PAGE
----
In an effort to get a bit more exercise into my day, I’ve been getting up earlier and walking for the last six months or so. I leave the house a few minutes before 6 a.m., walk up Third Street, take a lap around the perimeter of Schiller Park, and head back home in time to get ready for the work day.
I’ve noticed that, on my little pre-dawn jaunt, I see the same people, at about the same time, in about the same place. The quick-walking bearded guy wearing a Kansas City Royals cap, shoulders hunched and hands in his pockets, heading down Third to the Starbucks. The guy smoking his morning cigarette next to the church. The two women walking in the street wearing colorful, coordinated workout outfits. The seemingly inexhaustible guy running around the park with his two border collies that always move to the other side of the sidewalk as I approach. The two joggers carrying on an animated conversation.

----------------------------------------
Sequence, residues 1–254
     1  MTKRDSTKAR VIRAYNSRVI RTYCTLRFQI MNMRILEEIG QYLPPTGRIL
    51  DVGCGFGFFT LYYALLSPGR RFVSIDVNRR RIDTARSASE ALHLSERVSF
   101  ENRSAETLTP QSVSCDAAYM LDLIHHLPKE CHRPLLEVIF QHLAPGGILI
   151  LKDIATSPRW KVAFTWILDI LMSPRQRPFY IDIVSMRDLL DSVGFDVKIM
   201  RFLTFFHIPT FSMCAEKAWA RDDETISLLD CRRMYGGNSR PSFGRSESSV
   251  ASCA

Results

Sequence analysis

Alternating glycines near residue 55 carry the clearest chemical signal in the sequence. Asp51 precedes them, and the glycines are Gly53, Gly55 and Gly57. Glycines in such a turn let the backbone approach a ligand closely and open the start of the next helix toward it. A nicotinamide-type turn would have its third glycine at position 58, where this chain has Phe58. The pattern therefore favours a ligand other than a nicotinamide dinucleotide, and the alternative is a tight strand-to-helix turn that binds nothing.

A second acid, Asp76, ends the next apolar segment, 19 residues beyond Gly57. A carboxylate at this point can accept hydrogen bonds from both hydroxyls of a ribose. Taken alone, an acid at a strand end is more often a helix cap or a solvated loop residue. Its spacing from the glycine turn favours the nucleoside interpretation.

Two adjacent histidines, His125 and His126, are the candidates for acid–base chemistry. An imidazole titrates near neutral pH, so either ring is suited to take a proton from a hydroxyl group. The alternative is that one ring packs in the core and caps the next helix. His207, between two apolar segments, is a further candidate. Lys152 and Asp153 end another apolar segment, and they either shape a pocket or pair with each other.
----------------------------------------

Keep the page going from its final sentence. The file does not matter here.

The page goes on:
I freely concede that I’m a creature of habit. When it comes to things like exercise, I like getting into a routine and then following it. I could mix things up and, say, walk down Mohawk rather than Third, or really get radical and walk in the opposite direction — but I would never do that. I like taking the turn at the Starbucks, seeing whether there’s been any progress on the church repairs, and checking out the people pounding away on the treadmills at Snap Fitness. And, from my experience seeing the same people in about the same place at about the same time, I’m not alone in my creature of habit status.
If you google “creatures of habit,” you’ll find a number of articles about how people can break their habits, and the positives that can flow from trying something new. I’m sure that’s true, but I’m here to say that habits can have their value, too. There’s a certain comfort in the sameness, a zen-like tranquillity in the known and the familiar, and a sense that a new day must be starting because I’m rounding the third corner on my way around the park and that guy on the bike is wheeling by, just like clockwork.
Routines can have their value.